Following the committee’s closed session, Director of Internal Audit Michael Stump presented several ongoing auditing projects, one of which is an analysis of the effects of the Board’s policies at the College. “It is simply a look-see at resolutions passed by the board that may have policy implications for the institution, and are we doing those things?” Stump said. “In other words, ensuring that the resolutions of the board that became policy actually have effect.” The committee also reviewed several other ongoing projects. Compliance and Policy Officer Kiersten Boyce discussed two recently completed initiatives that dealt with discrimination compliance and the deterrence of sexual misconduct. “Of course, these issues never go away, so it’s not something we can check off and say are absolutely done, but we’ve made some real progress on both of them,” Boyce said. In terms of upcoming projects, Boyce outlined a new initiative to enhance awareness of rules, policies and laws related to conflict of interest. She explained that College employees will review these statutes annually and that a review will be part of the process involved in network authentication. New employees will also go over the rules during their orientation to the College. After Martin’s report, the committee entered executive session and adjourned.
We’ll have bomb detection dogs, explosive techniciansandexplosive device container trailers around. —Vice President for
by ANNIE CURRAN flat hat NEWS EDITOR
Administration Anna Martin on security for commencement
For coverage of the BOV’s full board meeting and Committee on Strategic Initiatives meetings, check back with The Flat Hat’s Tuesday issue.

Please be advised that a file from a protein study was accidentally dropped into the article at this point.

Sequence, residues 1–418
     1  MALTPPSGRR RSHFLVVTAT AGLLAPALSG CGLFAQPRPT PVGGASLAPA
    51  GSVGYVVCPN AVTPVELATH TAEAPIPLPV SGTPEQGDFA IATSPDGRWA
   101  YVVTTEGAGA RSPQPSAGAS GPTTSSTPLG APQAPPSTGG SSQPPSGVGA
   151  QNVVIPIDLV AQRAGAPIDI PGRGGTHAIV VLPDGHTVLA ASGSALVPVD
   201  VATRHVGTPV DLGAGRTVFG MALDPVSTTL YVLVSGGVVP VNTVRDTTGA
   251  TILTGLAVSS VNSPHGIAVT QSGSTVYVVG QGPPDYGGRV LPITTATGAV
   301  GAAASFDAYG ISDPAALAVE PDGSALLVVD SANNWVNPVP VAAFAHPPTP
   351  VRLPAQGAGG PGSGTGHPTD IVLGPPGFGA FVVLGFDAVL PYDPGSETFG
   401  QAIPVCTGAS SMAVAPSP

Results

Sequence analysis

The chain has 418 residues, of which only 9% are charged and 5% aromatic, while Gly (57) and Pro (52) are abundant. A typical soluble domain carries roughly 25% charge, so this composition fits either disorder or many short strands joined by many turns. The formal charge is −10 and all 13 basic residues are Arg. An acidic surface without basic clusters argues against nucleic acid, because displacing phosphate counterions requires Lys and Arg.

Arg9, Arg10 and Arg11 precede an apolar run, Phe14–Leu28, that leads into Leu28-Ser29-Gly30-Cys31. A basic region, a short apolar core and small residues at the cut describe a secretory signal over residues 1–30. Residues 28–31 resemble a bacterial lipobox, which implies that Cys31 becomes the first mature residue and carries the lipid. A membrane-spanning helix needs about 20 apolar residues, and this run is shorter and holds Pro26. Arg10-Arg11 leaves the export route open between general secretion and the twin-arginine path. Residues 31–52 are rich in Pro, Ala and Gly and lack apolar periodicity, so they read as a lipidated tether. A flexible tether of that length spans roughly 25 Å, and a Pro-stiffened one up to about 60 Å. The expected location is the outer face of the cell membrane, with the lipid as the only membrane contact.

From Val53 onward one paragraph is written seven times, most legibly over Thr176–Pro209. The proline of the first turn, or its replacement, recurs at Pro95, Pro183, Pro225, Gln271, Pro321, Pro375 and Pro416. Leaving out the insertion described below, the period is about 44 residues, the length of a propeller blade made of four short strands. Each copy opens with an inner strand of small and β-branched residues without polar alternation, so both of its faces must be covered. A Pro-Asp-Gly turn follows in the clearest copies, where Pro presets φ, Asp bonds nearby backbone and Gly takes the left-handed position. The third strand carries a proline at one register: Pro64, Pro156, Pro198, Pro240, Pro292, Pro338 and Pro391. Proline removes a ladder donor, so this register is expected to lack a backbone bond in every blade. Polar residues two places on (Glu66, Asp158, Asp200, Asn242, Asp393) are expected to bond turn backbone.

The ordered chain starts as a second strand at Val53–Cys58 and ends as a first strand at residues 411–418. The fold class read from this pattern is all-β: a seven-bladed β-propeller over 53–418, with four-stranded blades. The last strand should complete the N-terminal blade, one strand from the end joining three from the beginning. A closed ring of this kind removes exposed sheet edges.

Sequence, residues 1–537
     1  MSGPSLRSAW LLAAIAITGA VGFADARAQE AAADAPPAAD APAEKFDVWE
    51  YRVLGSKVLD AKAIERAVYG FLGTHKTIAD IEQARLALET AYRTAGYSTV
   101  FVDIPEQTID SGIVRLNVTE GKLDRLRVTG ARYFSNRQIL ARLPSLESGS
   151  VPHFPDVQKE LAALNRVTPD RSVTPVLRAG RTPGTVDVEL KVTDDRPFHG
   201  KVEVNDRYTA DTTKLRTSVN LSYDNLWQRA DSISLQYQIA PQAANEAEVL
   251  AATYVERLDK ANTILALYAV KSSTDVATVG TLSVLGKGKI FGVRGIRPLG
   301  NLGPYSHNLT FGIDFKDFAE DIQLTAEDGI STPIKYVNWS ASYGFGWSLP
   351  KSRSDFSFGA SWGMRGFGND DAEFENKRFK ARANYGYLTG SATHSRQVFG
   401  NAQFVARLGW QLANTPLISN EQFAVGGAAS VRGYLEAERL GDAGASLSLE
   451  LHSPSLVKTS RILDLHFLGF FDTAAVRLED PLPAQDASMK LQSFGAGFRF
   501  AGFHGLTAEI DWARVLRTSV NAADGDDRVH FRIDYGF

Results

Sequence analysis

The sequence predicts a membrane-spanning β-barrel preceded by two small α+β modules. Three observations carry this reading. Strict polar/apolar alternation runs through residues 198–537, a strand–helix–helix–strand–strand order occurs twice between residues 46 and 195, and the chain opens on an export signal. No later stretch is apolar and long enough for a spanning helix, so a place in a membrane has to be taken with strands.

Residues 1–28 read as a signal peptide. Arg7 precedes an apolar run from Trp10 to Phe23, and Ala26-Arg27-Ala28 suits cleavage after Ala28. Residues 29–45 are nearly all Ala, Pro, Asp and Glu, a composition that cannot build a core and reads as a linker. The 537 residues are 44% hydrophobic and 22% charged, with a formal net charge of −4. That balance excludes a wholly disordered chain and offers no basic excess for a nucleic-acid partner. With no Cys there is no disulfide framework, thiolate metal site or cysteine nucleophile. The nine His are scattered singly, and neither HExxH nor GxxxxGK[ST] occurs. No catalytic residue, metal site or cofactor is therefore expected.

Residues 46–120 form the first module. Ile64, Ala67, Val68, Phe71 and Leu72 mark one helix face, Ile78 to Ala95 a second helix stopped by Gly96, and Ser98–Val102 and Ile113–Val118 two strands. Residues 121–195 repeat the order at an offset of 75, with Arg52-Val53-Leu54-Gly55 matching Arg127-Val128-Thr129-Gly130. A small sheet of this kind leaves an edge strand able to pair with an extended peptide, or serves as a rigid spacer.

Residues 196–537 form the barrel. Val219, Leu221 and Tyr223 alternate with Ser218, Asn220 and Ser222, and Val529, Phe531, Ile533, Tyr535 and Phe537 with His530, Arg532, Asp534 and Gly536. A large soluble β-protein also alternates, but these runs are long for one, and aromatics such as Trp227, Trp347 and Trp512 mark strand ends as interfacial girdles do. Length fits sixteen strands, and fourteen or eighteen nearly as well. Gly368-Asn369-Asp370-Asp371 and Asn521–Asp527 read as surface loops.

The Flat Hat
Friday, April 19, 2013
New SA session opens with bill to help fund groups Koontz and Alim select nominees for cabinet, SA retakes oath after inauguration mix-up BY CLAIRE GILLESPIE FLAT HAT ASSOC. NEWS EDITOR
The 321st Student Assembly senate elected Sen. Will McConnell ’14 as chair Tuesday and reelected Sen. Jimmy Zhang ’15 as secretary. Due to disputes over the oath used during inauguration, Chairman of the Review Board Scott Hardy ’14 swore in every senator present. “At the inauguration, we were sworn in with the wrong oath, so technically none of us are sworn in,” McConnell said. After senator and class president introductions, outgoing Senate Chair Kendall Lorenzen ’15 gave presentations on the structure of the SA, as well as the rules for speaking in senate meetings. Before leaving, she imparted words of advice for new members.
“The main word of wisdom I would give is to look at everything as if you’re still a kindergartener,” Lorenzen said. “I work a lot with children, and one thing about them is they look at everything with such passion and such excitement, and they don’t take everything as the norm. I think we can learn from them. We need to look at the problems that we have at our school … and say what can we do about that?” Returning Sen. Colin Danly ’15 introduced the New Organization Funding Act, which proposes developing a new fund for organizations formed after the Executive Appropriations Committee completes its annual budgeting. “These new organizations don’t have funding; they come to the senate to do activities and events one by one,” Danly said. “I think having a way to average them into the budget and figure out what